A design analogous to the coaxial design of Figure 24 is an injector that has two separately controlled nozzles mounted side-by-side. Figure 25 shows such a design by Caterpillar. Each nozzle can have different size and number of holes as well as different spray angles that can be better optimized to a narrower range of engine operating conditions than a more conventional fixed injector design [Hergart 2011].

Figure 25. Injector having two separate nozzles

Mixed mode injectors are injectors with an injector nozzle that can provide different spray patterns to enable different combustion modes to be used in the same engine. A prototype mixed mode injector developed by Caterpillar that allows two different included spray angles is illustrated in Figure 26. With a narrow spray angle, fuel impingement on the cylinder wall can be avoided when fuel is injected early in the compression stroke (during LTC mode operation) or late in the expansion stroke (to raise exhaust temperature for DPF regeneration). The wider spray angle is intended for more conventional diesel injection near TDC of the compression stroke. This injector allows mixed mode operation of the engine where different combustion regimes are employed over different parts of the engine map [Duffy 2004].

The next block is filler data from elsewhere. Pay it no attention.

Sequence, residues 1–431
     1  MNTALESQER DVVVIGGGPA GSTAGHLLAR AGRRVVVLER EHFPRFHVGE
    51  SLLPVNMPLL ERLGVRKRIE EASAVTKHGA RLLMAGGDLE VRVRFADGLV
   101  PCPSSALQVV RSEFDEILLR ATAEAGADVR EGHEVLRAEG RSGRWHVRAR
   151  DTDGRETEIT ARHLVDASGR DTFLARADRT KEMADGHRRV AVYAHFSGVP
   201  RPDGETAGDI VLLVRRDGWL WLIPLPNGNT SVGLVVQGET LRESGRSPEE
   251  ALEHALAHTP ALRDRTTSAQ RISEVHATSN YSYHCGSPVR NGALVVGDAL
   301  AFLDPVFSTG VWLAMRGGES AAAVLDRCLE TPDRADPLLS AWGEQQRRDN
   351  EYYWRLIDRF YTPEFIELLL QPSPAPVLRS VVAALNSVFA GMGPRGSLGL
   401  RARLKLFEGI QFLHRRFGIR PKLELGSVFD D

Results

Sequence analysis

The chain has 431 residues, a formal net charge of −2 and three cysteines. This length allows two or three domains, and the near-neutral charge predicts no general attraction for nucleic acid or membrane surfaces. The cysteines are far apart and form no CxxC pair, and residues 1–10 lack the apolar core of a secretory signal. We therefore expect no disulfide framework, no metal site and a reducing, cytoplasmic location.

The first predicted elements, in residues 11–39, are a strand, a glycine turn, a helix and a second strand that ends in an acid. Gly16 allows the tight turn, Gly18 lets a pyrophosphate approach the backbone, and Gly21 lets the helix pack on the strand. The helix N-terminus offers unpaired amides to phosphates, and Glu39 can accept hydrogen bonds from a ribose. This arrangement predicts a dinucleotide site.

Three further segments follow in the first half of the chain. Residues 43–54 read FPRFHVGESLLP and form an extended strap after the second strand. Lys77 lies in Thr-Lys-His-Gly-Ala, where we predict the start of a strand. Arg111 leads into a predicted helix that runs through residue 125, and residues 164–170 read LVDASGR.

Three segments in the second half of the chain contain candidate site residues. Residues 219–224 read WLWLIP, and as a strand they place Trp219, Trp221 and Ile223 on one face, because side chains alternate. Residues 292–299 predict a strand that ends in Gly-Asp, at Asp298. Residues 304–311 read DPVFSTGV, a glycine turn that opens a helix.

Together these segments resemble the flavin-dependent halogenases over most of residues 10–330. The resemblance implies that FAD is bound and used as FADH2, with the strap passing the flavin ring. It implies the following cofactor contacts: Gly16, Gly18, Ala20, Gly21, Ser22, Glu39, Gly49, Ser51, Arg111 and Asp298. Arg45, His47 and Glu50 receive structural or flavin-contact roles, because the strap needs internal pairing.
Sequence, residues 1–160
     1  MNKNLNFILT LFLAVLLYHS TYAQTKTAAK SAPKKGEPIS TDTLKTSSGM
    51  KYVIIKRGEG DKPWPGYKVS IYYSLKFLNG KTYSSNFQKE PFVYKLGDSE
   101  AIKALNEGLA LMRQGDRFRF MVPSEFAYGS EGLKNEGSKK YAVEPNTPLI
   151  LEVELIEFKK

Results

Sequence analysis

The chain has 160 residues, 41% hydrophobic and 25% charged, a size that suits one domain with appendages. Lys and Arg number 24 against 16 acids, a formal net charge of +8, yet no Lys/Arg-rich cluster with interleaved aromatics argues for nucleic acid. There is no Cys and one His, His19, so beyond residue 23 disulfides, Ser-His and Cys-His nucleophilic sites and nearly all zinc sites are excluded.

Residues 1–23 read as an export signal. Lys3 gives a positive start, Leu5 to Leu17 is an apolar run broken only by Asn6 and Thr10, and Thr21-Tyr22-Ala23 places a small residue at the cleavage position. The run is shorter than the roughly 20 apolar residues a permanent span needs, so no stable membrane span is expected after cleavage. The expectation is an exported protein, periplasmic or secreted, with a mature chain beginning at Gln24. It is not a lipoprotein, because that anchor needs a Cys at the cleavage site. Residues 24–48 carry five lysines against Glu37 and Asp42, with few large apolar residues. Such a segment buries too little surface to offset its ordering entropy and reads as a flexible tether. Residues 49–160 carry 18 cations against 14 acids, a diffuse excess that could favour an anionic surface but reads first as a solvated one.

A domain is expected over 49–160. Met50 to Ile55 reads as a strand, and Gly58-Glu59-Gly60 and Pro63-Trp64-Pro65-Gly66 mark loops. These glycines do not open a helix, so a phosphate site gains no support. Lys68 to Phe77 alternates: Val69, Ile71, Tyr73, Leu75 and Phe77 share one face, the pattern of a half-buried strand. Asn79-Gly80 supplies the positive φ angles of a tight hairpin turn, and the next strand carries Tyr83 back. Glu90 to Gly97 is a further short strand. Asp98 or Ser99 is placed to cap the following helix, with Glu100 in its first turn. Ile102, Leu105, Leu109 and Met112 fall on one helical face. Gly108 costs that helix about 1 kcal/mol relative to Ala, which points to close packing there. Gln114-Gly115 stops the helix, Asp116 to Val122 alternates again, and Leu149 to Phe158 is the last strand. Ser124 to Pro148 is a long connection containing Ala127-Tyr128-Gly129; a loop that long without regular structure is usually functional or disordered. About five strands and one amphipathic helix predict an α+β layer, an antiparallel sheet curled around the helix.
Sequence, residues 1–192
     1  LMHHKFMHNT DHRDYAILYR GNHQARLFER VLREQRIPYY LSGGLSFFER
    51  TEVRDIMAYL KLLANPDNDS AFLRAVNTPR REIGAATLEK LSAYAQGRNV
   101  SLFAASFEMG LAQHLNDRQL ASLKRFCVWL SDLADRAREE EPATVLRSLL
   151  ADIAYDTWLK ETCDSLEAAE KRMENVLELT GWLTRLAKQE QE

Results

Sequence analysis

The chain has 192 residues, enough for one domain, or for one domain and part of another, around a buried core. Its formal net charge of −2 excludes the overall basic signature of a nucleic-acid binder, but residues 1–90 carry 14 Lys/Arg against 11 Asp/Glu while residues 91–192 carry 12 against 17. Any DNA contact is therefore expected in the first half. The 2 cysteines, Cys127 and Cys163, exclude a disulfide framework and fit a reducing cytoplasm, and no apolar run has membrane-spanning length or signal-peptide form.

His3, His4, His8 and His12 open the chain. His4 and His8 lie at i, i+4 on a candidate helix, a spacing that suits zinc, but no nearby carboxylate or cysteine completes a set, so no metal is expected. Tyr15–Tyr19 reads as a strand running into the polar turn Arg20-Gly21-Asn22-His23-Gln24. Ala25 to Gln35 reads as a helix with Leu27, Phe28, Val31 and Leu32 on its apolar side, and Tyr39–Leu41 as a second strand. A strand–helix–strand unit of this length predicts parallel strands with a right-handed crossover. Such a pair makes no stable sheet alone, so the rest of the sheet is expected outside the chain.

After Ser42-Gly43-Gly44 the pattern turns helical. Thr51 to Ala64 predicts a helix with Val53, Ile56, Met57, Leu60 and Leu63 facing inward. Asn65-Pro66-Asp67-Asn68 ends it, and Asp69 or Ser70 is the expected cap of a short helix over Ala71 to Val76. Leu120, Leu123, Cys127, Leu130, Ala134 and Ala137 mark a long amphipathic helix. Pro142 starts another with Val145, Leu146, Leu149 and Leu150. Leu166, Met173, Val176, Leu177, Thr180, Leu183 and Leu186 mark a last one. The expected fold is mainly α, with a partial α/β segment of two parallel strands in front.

Figure 26. Caterpillar mixed mode injector

Figure 27 illustrates a different mixed mode injector by QuantLogic [Hou 2006][Hou 2014][Hou 2009]. At low lifts, a narrow angle cone is produced by a pintle that disperses fuel more evenly and is intended to promote fuel and air premixing and minimize wall wetting. At full lift, fuel exits more conventional nozzle holes for more conventional diesel combustion. At mid lifts, fuel exits both the holes and the pintle opening. A similar design is provided by Delphi [Dingle 2010].

Figure 27. Mixed mode injector by QuantLogic

Group Hole Nozzles